onemaster: thefilm. I lovemovies.
Other films he released included x-rated ones like TheCook, TheThief, His Wifeand
Her Lover and Tie Me Up! Tie Me Down!. Harvey ran into problems with the Motion PictureAssociation of America (MPAA)
due to the content of his movies. Harvey fought a lawsuit against the MPAA, resulting in the implementation of the NC-17
rating that helped distinguish between adult-oriented films frompornography.
After Disneys Acquisition
In 1993, Disney wanted to enter the growing indie-filmmarket, of which Miramax was the most visible player. Disneys
competitors were getting into television and Michael Eisner (Eisner), its CEO, didnt want to let Disney enter either cable or
the networks market. He believed that if Disney had a wider control of the content, it would be better positioned to deal with
companies like News Corp., Viacomand Time. Miramaxs business plan, which focused on buying and making low-budget
movies and then marketing them, seemed attractive to Disney. Eisner hoped that by acquiring Miramax, he would have a
unit that would bring in stable returns and a lucrative movie library without too much investment fromDisneys side. And
steadily, Miramax could be developed into the biggest player in the indie-filmcategory. Jeffrey Katzenberg, the then Disney
President (who quit later to co-found Dreamworks SKG) approached the Weinstein brothers with a purchase offer. The
terms were- Miramax wouldbe apart of Disney, but would have its ownbudget andlatitude infilmmaking. Therelation would
be contractual. The terms of working between Miramax and the parent company, Disney and the compensation of the
Weinsteins would be mutually re-negotiated after the lapse of the contract period. Miramax had been going through a lean
phase since 1991
and the brothers agreed to the acquisition plan.
TheWeinsteins sold Miramax in 1993 toDisney for $75 million. Harvey remained the headof the division and managed
the companys public front while Bob looked after the backend working. In 1994, Miramax spent $8 million to buy Pulp
Fiction, an indie-filmby up and coming director Quentin Tarantino that had been developed but later rejected by TriStar
Pictures. Themovie went ontogross $100millioninUSalone, becomingthebiggest success intheindie-filmgenrehitherto.
It became a phenomenon, whetting the appetite of American moviegoers for similar art-house movies.
Soon, producers began to bring projects that were rejected or shelved by big studios to Miramax. Fox had refused to
make TheEnglish Patient, Universal Pictures had stalled Shakespeare in Love andCastle Rock Studios hadshelved Good
Will Hunting. Miramax put in its resources to complete all the three movies that later became both Oscar and box-office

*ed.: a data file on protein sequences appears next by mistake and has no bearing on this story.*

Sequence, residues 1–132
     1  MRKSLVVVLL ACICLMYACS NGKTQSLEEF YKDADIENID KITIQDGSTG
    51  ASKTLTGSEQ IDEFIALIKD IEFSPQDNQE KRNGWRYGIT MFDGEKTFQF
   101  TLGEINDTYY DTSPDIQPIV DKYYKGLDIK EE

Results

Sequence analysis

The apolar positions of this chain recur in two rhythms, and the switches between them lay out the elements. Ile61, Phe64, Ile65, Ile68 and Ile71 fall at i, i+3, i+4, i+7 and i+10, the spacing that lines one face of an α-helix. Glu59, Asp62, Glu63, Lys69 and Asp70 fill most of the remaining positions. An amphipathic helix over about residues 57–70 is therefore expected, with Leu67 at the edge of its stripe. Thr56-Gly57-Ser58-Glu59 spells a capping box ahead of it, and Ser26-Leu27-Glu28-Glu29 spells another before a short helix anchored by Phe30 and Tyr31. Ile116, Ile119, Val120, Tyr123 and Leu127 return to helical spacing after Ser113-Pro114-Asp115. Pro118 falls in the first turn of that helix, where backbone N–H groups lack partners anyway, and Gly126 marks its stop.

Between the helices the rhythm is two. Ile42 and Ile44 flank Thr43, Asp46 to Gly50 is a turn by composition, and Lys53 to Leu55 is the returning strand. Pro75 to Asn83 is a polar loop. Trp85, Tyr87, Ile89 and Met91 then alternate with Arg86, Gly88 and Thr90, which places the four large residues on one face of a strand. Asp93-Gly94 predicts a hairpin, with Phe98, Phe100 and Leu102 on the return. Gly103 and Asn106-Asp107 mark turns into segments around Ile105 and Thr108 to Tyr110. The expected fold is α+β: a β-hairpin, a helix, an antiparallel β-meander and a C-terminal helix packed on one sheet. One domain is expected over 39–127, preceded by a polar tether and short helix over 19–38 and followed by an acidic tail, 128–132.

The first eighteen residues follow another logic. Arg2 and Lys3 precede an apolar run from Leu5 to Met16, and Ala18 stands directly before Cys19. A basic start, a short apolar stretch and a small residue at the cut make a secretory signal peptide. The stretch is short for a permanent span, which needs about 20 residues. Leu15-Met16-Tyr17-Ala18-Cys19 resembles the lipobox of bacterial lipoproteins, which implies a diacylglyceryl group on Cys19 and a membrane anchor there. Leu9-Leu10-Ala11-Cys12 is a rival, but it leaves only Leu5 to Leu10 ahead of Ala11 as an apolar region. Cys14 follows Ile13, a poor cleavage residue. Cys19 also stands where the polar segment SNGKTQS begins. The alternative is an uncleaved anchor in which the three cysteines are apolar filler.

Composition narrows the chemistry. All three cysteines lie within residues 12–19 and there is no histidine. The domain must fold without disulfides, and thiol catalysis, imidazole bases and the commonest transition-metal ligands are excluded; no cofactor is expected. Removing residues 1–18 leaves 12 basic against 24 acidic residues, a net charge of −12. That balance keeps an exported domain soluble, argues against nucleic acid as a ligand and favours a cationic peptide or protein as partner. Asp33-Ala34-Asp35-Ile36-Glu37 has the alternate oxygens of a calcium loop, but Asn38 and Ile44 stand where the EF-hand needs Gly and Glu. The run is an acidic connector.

successes (Annexure 1). The English Patient won nine Oscars and Shakespeare in Love gathered seven, including the
one for best picture.
Apart fromspottingandencouragingtalented artists likeGwynethPaltrowanddirectors likeTarantino, Robert Rodriguez
and Steven Soderberg, Miramax also built up a reputation for savvy Oscar-marketing. Harvey is fearless with his creative
opinions, and driven by marketing,
says Tom Pollock, former chief of Universal Pictures. More than winning, Harvey
believed in getting nominated for as many categories as possible. Harvey wanted to use the Oscars-campaign season to
promotehis movies that were runningin cinemahouses anddrive upsales. Hesaid once, Asuccessful awards season can
make the difference betweena movie grossing $5million at thebox office anda movie grossing $20million.
In the past 15
years, Miramax got 221 Oscar nominations across several categories and 15 best-picture nominations.
Critics peg
Miramaxs marketing spend on asingle filmanywhere between $25-40 million. In 1999, when Miramax spent $15 million to
promote Shakespeare in Love, which won the best picture Oscar over DreamWorks Saving Private Ryan, industry leaders
felt the need for an Oscar campaign-finance reform. Rick Sands, Miramaxs chief operating officer denied the accusations
Author of Down and Dirty Pictures: Miramax, Sundance, and the Rise of Independent Film, Simon & Schuster,January 2004
When Harvey met Mickey, op.cit
Biskind, Peter Monsters Inc, The Guardian, October 1
Rickey, Carrie Miramax chiefs heavy-handed tactics spark an Oscar backlash, The Philadelphia Inquirer, March 20
Gumbel, Andrew How the mogul of Miramax made winning Oscars into a business, The Independent, December 20